Enslaving Spirits

The Portuguese-Brazilian Alcohol Trade at Luanda and its Hinterland, c. 1550-1830


Long recognized as having played many important roles in the slave export trade of western Africa, foreign alcohol and its various functions within this context have nevertheless escaped systematic analysis. This volume focuses on the topic at Luanda and its Hinterland, where the connections between foreign alcohol and the slave export trade reached their zenith. Here, following the mid-1500s, an extremely close relationship developed between imported intoxicants and slaves exported, by the thousands in any given year, into the Atlantic World: first, fortified Portuguese wine and, following 1650, Brazilian rum emerged as crucial trade goods for the acquisition of slaves. But the significance of Luso-Brazilian intoxicants goes far beyond this singular fact: they also served a number of other functions, some of which were directly tied to slave trading and others indirectly underpinned the business. The volume addresses the problem of alcohol in African history, historicizes “indigenous” alcoholic beverages in West-Central Africa at the time of contact, analyzes the introduction and increasing use of foreign intoxicants for the acquisition of exportable slaves, ponders the profits that such transactions generated within the Atlantic world, reconstructs the other uses of imported alcohol in directly and indirectly underpinning the export slave trade of Luanda, and assesses the impact of foreign alcohol upon West-Central African consumers.


EUR €100.00USD $124.00

Biographical Note

José C. Curto, Ph.D. (1996) in History, University of California at Los Angeles, is Assistant Professor of History at York University (Toronto, Canada). He has published extensively on demography, slavery, and slave trading in Angola, including The Story of Nbena, 1817-1820: Unlawful Enslavement and the Concept of 'Original Freedom' in Angola, in Paul E. Lovejoy and David V. Trotman, eds. Trans-Atlantic Dimensions of Ethnicity in the African Diaspora (Continuum, 2004).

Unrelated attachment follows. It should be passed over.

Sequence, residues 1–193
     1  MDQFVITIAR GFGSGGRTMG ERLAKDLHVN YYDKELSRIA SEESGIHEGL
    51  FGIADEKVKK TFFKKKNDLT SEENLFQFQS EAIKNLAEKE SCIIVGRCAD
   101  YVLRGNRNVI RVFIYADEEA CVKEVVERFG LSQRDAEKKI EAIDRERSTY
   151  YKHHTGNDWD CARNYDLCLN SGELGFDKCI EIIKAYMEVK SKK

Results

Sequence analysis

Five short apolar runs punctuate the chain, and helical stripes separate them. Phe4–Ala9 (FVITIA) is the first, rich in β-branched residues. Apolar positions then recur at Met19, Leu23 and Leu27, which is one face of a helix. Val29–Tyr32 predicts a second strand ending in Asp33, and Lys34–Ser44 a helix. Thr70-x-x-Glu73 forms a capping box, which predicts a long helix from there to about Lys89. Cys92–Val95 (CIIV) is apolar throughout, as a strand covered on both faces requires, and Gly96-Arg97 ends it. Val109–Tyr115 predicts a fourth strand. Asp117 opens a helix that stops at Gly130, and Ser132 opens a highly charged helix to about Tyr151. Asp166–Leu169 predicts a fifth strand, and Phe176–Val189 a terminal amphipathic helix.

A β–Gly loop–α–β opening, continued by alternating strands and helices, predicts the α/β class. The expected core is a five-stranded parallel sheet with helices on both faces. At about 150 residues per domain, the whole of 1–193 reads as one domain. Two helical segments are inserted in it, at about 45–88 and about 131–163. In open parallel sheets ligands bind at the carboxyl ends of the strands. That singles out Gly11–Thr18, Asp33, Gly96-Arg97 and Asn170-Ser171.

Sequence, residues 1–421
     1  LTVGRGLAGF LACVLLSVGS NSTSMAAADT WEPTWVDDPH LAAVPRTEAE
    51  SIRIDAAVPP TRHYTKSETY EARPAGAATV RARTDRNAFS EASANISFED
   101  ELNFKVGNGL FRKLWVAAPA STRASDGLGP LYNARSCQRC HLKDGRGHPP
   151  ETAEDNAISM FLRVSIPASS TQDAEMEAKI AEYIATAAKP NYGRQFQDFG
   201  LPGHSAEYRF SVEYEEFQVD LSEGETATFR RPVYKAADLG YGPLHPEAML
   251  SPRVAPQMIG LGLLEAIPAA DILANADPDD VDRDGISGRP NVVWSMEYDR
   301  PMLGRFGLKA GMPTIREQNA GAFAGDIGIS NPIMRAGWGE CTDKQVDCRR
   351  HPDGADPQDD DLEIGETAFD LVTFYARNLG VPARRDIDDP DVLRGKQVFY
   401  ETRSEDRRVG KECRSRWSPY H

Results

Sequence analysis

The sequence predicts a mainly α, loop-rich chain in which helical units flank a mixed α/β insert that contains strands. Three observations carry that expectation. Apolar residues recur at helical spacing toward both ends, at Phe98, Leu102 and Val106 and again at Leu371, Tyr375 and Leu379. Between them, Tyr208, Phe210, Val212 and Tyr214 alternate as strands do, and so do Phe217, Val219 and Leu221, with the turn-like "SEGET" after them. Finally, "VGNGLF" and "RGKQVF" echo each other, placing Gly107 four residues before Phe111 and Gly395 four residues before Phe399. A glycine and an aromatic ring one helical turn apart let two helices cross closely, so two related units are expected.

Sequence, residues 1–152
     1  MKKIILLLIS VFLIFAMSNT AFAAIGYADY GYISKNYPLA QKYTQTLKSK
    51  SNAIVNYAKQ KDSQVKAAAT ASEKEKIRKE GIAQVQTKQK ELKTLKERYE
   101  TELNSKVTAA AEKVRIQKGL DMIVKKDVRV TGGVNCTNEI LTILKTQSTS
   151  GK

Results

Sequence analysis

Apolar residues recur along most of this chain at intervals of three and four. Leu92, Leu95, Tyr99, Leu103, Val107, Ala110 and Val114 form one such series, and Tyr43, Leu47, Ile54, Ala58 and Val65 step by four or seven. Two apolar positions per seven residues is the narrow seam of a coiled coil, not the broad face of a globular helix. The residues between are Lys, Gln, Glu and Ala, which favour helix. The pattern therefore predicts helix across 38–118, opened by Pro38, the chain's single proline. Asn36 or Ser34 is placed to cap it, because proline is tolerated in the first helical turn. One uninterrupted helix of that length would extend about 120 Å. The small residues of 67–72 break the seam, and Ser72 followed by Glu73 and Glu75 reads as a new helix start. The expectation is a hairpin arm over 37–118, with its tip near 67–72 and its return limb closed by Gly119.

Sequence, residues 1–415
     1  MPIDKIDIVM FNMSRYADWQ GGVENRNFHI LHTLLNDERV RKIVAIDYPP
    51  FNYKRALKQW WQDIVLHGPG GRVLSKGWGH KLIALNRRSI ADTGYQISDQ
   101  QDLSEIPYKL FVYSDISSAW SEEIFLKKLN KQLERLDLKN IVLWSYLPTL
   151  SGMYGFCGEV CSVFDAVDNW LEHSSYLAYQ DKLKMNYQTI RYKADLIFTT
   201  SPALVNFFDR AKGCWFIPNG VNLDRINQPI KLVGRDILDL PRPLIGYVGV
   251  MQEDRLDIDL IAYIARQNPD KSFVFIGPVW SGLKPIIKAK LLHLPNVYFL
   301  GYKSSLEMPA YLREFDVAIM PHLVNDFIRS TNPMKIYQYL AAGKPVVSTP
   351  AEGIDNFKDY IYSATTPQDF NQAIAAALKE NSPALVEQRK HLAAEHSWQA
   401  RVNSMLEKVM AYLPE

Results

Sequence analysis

Review Quote

"Thus, with cautions reference to numerical data, Curto not only brings to life the shift in commercial ascendancy to Brazil-based merchants, but tempers claims of the impact of alcohol on Angolan society in a measured assessment of the levels of imports in relationship to local population..Curto provides fascinating information on the ways that various kinds of alcohol became deeply embedded in commercial relationships." Charles Ambler, African History, 2005. "At first blush, alcohol would seem an unlikely commodity linking three locations, each on a different continent, on the Atlantic seaboard. José C. Curto's story of one of avarice, greed, cruelty, and inhumanity; of political manoeuvring for comparative advantage; and of expolitation. The setting is West Central Africa and, in particular, Luanda and its hinterland. And the time-frame is almost three hundred years that witnessed periods of intermittent calm but also of political, social, and economic upheaval, not only in West Central Africa but also in Portugal and Brazil with each of which Africa became inextricably linked by a vicious supply-and-demand cycle for labour. This multi-continental dimension, coupled with its revisionist approach and scholarship based on extensive research, makes the book required reading for those interested in the history of Portugal, Africa, and Brazil and in the field of Atlantic history." A.J.R. Russell-Wood, The International History Review, 2005. "…an important contribution to the history of the alcohol trade in Africa." Linda M. Heywood.

Table of contents

Acknowledgements List of Abbreviations Maps and Illustrations Introduction: Alcohol as History in Africa 1. Alcohol in Early Modern West Central Africa 2. The Introduction of Bacchus Into West Central Africa 3. The Reign of Bacchus: Portuguese Alcohol at Luanda and its Hinterland During the Early Slave Trade, c. 1550–1649 4. The Downfall of Bacchus: Brazilian Traders, Portuguese Capitalists and the Struggle for the Alcohol Trade at Luanda and its Hinterland, c. 1650–1699 5. The Long Century of Gerebita: The Luso-Brazilian Alcohol Trade at Luanda and its Hinterland, c. 1700–1830 6. The Profits of Luso-Brazilian Alcohol in Slaving at Luanda and its Hinterland 7. Underpinning the Slave Trade: Other Uses of Luso-Brazilian Alcohol in Luanda and its Hinterland, c. 1575–1830 Conclusion: The Impact of Portuguese and Brazilian Intoxicants Appendix: Graphs Bibliography Index


Angola specialists, scholars working on various aspects of the slave trade within Africa, the Atlantic, and the Americas, and other social scientists interested in changing consumption patterns, including alcohol, during the pre-1850 era constitute potential buyers, as do students enrolled in college/university courses dealing with the African past, the Atlantic World, the histories of Brazil and Portugal, and Alcohol Studies. The educated public throughout the Atlantic world interested in these issues represents a market that is of equal, if not greater, importance for this volume.